Late for the Ball

Late for the Ball_SmallSome times the inspiration for a shoot seems to come from random events. A couple of months ago I saw a box of old patterns in a book sale and bought them. My wife had been talking about using them to cover other objects and I instantly thought that it would be quite cool to make a dress out of them. My daughter then dashed my plans by telling me that patterns generally only contains half of a side because you folded the fabric in half to produce the whole piece.

Knowing that it would be difficult to completely cover a model in a single pattern the concept emerged of a girl that had run so late for the ball that they were literally trying to sew the dress around her.

Posing with the Black & White lingerie set
Posing with the Black & White lingerie set

Rather than post a casting call I approached a model (Suzie) and makeup artist (Crystal) who had both expressed interest in working with me. I had coffee with Crystal to go over the details of the shoot because I knew that hair & makeup would be quite unusual from what she had normally done for photoshoots. I knew that I would be compositing the body but I wanted the face to be from a single image. This meant that I wanted one side to be completely made up while the other was bare.

I sent a photo of Suzie and the dress to Crystal and left it up to her to come up with appropriate makeup. I did want to be slightly theatrical with the look in that I wanted large style rollers in the hair.  Crystal informed me that such things are not really used anymore but what is used really didn’t work with the look anyway.

The studio I had booked for the day is in an old house so I knew that I wanted to use the room as is. I collected a number of props from home (some under strict instructions from my wife such as her dressmaking scissors were not to be used to cut the patterns) and staged it to look like a sewing room.

The final selected pose
The final selected pose

Suzie had brought a number of sets of lingerie so that we could see what they looked like under the patterns, which were attached to her with double sided tape.  We selected one red and a black/white combination to try out. We started with the red set.

I had decided that the way we were going to shoot it was to do the patterns first and then the dress. I was shooting tethered into lightroom which meant that we could see a larger sized image than on the back of the camera.

Suzie took up different poses and once we had them I went through and selected which one I liked the best. Suzie then got changed into the other lingerie set and we shot a few images based around the poses we liked the best from the first series.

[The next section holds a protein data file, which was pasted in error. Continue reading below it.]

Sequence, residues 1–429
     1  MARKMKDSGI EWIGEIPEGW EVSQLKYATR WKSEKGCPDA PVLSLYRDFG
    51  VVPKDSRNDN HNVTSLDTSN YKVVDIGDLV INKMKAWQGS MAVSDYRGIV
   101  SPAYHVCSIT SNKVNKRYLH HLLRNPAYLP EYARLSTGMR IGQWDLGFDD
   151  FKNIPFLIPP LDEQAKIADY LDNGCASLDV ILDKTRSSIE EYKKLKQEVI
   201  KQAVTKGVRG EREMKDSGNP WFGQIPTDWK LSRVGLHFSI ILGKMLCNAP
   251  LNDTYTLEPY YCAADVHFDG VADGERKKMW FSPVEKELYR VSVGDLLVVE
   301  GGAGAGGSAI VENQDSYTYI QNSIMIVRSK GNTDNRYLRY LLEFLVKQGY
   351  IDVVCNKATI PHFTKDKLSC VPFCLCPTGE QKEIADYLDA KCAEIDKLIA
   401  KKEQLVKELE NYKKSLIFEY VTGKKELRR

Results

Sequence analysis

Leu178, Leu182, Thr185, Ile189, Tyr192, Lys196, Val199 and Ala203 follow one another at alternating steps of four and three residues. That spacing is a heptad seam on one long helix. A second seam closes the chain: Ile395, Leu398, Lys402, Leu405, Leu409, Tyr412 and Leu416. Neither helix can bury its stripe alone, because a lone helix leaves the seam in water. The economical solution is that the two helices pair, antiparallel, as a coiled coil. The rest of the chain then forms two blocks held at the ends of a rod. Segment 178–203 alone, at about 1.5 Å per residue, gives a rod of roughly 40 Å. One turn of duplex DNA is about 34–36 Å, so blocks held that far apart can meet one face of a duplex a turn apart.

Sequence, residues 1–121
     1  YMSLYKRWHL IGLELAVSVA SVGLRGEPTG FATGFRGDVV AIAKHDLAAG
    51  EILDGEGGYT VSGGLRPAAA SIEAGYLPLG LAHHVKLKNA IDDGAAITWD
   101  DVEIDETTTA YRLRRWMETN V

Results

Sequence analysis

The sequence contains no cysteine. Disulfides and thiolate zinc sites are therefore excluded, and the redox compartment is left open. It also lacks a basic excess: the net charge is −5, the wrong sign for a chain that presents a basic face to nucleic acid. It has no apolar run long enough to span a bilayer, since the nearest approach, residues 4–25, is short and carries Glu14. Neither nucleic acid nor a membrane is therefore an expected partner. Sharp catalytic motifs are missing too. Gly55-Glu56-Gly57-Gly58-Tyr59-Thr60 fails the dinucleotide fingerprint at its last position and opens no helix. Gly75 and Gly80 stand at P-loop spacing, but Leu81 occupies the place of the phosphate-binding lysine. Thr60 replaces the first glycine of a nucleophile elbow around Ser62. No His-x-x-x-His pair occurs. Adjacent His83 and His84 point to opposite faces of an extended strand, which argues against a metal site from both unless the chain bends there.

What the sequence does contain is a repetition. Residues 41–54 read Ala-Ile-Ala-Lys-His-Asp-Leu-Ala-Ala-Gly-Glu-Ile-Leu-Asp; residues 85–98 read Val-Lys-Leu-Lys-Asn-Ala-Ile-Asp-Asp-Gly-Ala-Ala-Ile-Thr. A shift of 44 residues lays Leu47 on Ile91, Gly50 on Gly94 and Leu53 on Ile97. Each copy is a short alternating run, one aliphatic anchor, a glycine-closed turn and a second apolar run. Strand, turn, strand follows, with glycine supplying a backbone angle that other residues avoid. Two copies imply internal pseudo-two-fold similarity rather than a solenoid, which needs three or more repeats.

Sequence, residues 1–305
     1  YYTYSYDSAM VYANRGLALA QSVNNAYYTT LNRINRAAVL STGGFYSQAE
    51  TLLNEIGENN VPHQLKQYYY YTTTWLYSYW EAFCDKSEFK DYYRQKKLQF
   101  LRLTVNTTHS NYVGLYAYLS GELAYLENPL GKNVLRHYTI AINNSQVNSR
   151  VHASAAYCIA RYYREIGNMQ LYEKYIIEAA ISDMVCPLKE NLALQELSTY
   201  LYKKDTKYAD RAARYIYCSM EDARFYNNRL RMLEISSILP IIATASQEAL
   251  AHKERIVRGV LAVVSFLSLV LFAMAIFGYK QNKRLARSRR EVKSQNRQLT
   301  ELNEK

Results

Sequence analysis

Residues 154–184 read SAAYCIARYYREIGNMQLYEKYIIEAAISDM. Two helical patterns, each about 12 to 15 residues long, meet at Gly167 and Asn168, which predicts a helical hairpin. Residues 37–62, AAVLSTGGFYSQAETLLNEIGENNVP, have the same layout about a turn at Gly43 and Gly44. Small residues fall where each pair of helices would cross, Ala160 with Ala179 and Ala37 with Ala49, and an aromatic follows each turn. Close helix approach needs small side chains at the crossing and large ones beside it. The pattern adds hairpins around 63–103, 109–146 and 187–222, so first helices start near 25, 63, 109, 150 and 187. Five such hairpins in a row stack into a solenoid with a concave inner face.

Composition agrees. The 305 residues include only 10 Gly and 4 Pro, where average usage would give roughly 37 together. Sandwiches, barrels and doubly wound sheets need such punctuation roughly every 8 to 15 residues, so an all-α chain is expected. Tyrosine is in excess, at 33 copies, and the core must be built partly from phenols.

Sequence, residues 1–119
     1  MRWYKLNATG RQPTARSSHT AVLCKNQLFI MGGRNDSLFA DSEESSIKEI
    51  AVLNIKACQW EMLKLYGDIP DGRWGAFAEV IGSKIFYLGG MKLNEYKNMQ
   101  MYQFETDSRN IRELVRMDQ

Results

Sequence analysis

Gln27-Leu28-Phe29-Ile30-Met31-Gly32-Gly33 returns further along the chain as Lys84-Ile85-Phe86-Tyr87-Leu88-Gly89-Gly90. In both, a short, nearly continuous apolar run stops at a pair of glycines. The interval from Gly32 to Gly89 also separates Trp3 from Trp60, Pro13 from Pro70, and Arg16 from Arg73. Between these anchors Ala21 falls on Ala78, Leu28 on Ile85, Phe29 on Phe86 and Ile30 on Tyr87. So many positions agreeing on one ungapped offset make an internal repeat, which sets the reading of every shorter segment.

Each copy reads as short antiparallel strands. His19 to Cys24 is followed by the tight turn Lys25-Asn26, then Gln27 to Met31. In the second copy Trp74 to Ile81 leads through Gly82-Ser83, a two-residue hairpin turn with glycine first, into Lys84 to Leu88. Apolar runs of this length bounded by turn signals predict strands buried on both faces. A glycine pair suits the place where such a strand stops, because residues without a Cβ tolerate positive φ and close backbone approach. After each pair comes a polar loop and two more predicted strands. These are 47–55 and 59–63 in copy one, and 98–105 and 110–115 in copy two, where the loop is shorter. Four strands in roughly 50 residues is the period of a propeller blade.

Wearing the dress
Wearing the dress

After looking at both sets it was apparent that the red lingerie set produced a much stronger look.

Suzie then put on the dress and we concentrated on getting as close to the chosen pose as possible. Lightroom made this a lot easier as we were able to compare the two images side by side. With the help of Crystal checking the images it did not take long before we had what I thought was a reasonably good match.

Once I had the images loaded on the home computer it was a simple matter of bringing them both into a single file and masking out. I increased the saturation in the lipstick and painted Suzie’s finger nails.

It was quite a fun shoot where pretty much everything went to plan. Thanks to Crystal and Suzie for their assistance in bringing this together.



Just Hanging Around

The finished image

The original inspiration for the shoot by Alessandra Favetto.
The original inspiration for the shoot by Alessandra Favetto.

Last Sunday I has a full day in a Lower Hutt studio to produce images that will be entered into national competitions. The first was inspired by an image I saw in the July issue of F11 magazine by Italian photographer Alessandra Favetto.

I has long held the view that models are often treated as mere clothes hangers, and so I knew that I could use the image as a base. However I wanted to have more than one person in the final image and to have the models hanging from a rack of some sort.

I posted the image in a modeling Facebook group and as I suspected got an immediate response. While I had initially thought that I would cast three models I ended up selecting five. Past experience from shoots had taught me that it was unlikely all five would make it to actual shoot day.

I also knew that the shot could be something that required assistance so I managed to elicit the help of fellow photographer Alan Raga.

As I suspected would happen, in the week leading up to the shoot one model discovered that the timing clashed with a family event and a second one sprained her wrist and ended up in plaster. A third model then failed to respond to any of the communications sent out in advance of the event, and simply didn’t show up on the day. This was exactly the issue that I had spoken about in my recent blog post on “Tips for models“.